Solved

SQL Code for Daylight Savings Time?

Posted on 2014-09-19
14
1,056 Views
Last Modified: 2014-09-19
Hello:

One of the fields I have in a report is based on the following T-SQL query:

 DATEADD(s,({*Document_tb:TimeCreated} + (3600*-5)),'1/1/1970')

The customer correctly noted that the resulting "Time Created" is off by an hour.  Specifically, this field displayed as 2:24 PM, when it should have displayed as 3:24 PM.

The customer is in the Eastern Time Zone,  and this field is not changing with the Daylight Savings Time change occurring each spring.  

Anyway, to manually fix this, I had to change the -5 to a -4.

Is there a way to implement some sort of Daylight Savings Time "table" or code, so that I don't have  to keep making this manual adjustment?

 TBSupport
0
Comment
Question by:TBSupport
[X]
Welcome to Experts Exchange

Add your voice to the tech community where 5M+ people just like you are talking about what matters.

  • Help others & share knowledge
  • Earn cash & points
  • Learn & ask questions
  • 6
  • 5
  • 2
  • +1
14 Comments
 
LVL 49

Expert Comment

by:PortletPaul
ID: 40332471
You could perhaps use something like this, comparing to a constant, to calculate the offset you need to subtract or add for the time zone.

SELECT dateadd(mi, datediff(mi,GETUTCDATE() ,getdate())

GETUTCDATE
Returns a datetime value that contains the date and time of the computer on which the instance of is running. The date and time is returned as UTC time (Coordinated Universal Time).
http://msdn.microsoft.com/en-AU/library/ms186724.aspx
0
 
LVL 16

Expert Comment

by:DcpKing
ID: 40332473
Take a look at the TSQL type DateTimeOffset. It allows you to specify the offset as a specific amount of hours and minutes (from GMT).  There's a good intro here - far better than I could devise myself!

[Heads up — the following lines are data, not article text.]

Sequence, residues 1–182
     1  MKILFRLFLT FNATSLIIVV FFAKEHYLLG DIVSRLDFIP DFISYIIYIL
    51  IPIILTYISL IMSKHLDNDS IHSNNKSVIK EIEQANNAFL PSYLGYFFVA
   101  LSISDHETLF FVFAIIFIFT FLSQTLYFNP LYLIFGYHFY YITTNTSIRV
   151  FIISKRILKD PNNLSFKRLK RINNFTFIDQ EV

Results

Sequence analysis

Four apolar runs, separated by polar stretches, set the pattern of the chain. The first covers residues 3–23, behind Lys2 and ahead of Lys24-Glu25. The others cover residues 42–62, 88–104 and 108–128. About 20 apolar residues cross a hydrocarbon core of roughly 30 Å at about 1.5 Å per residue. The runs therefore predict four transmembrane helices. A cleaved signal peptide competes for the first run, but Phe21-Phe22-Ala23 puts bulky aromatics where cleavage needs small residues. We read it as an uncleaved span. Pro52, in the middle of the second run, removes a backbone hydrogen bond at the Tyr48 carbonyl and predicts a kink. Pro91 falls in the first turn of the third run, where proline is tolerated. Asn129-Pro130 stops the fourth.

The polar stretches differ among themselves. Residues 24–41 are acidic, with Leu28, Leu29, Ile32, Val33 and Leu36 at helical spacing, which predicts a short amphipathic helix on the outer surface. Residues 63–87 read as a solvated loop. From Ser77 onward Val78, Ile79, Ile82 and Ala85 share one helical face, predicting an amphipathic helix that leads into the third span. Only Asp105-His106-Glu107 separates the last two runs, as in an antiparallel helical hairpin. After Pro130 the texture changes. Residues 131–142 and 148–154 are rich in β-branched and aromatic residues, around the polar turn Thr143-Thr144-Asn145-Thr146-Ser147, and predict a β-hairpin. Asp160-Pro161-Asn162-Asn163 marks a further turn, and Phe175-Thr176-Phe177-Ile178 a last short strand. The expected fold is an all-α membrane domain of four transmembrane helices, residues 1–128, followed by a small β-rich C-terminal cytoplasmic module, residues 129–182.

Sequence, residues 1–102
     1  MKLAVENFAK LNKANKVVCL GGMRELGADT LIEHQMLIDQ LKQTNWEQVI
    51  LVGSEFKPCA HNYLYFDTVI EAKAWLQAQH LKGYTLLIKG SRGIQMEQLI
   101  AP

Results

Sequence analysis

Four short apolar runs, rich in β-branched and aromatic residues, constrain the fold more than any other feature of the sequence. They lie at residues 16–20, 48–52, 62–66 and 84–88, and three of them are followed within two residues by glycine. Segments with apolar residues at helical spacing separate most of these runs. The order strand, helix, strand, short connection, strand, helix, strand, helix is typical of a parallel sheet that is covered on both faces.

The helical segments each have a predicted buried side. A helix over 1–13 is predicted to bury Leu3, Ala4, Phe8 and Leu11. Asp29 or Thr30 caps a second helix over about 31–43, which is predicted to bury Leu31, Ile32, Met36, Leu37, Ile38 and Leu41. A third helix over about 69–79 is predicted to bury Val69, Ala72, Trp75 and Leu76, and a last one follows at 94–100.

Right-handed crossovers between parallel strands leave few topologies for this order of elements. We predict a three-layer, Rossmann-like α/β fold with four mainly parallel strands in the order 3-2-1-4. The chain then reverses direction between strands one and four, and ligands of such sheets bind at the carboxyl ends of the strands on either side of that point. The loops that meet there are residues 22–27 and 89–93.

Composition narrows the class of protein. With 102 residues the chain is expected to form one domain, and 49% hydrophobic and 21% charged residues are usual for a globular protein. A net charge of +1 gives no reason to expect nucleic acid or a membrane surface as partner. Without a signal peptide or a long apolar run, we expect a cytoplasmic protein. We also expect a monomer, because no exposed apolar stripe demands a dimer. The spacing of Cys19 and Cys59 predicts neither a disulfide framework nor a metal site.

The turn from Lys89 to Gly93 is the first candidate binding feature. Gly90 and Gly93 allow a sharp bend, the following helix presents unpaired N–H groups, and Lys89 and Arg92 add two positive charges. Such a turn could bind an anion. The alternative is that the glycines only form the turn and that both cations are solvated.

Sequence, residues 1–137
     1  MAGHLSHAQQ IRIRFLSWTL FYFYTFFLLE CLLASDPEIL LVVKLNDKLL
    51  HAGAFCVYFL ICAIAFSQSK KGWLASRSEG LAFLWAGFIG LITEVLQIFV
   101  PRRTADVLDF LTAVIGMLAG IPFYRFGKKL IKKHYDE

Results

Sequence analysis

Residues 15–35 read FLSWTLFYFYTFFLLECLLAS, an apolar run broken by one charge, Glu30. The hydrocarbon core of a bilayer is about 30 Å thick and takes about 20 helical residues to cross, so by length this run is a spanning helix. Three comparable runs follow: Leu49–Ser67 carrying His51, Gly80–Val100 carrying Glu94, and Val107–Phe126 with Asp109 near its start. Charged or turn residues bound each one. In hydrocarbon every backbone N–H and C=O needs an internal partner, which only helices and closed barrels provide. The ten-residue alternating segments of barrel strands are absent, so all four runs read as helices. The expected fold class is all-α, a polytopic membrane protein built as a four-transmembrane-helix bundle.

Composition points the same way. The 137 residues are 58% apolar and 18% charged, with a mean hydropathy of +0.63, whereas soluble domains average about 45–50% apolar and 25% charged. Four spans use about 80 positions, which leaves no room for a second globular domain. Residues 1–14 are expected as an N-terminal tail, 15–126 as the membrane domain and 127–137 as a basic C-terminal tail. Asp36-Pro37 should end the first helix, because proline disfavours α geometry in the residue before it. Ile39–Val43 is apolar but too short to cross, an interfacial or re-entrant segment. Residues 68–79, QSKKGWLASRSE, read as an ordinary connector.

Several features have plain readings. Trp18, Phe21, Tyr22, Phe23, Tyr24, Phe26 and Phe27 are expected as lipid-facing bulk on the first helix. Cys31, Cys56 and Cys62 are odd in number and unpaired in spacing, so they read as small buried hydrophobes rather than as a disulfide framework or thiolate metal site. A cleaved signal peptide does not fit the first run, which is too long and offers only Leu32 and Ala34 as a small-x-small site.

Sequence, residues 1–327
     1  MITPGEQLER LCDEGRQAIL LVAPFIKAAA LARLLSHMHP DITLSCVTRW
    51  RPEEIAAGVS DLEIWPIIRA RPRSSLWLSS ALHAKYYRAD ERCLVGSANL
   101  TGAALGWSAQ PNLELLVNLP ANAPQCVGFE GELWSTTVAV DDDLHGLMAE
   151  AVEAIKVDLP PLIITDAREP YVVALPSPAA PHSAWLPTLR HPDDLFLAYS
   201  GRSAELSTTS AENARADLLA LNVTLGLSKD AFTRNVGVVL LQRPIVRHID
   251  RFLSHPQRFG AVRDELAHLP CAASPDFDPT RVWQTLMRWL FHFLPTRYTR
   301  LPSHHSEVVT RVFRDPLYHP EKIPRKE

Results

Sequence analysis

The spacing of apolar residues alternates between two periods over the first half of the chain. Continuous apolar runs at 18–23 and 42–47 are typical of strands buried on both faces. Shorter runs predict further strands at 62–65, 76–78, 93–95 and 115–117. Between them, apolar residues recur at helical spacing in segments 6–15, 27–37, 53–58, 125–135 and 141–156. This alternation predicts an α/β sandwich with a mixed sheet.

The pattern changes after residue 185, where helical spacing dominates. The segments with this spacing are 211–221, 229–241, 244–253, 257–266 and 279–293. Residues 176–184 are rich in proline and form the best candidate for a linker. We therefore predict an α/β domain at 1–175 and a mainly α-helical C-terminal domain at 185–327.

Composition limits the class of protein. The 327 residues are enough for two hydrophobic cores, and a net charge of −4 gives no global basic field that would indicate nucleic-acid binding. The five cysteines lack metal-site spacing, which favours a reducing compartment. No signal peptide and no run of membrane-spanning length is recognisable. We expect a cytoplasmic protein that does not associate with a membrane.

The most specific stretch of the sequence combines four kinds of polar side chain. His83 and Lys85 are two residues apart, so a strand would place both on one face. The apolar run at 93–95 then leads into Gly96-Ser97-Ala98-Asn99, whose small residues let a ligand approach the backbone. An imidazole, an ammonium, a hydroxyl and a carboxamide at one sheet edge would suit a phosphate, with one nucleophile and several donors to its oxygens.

hth

Mike
0
 
LVL 15

Expert Comment

by:Haris Djulic
ID: 40332486
try using getutcdate ,

Returns the current database system timestamp as a datetime value. The database time zone offset is not included. This value represents the current UTC time (Coordinated Universal Time). This value is derived from the operating system of the computer on which the instance of SQL Server is running.

http://msdn.microsoft.com/en-us/library/ms178635.aspx
0
MIM Survival Guide for Service Desk Managers

Major incidents can send mastered service desk processes into disorder. Systems and tools produce the data needed to resolve these incidents, but your challenge is getting that information to the right people fast. Check out the Survival Guide and begin bringing order to chaos.

 
LVL 1

Author Comment

by:TBSupport
ID: 40332492
Does this work?

SELECT dateadd(mi, datediff(mi,GETUTCDATE() ,TimeCreated)
--where "TimeCreated" is substituted for "getdate()"
0
 
LVL 49

Expert Comment

by:PortletPaul
ID: 40332510
NO

to start with [TimeCreated] is an integer field based on seconds since 1970-01-01 according to your last question.

this
SELECT dateadd(mi, datediff(mi,GETUTCDATE() ,getdate())
gives a number of minutes between a constant scale (utc time) and the "current" date/time

what does it return for you now?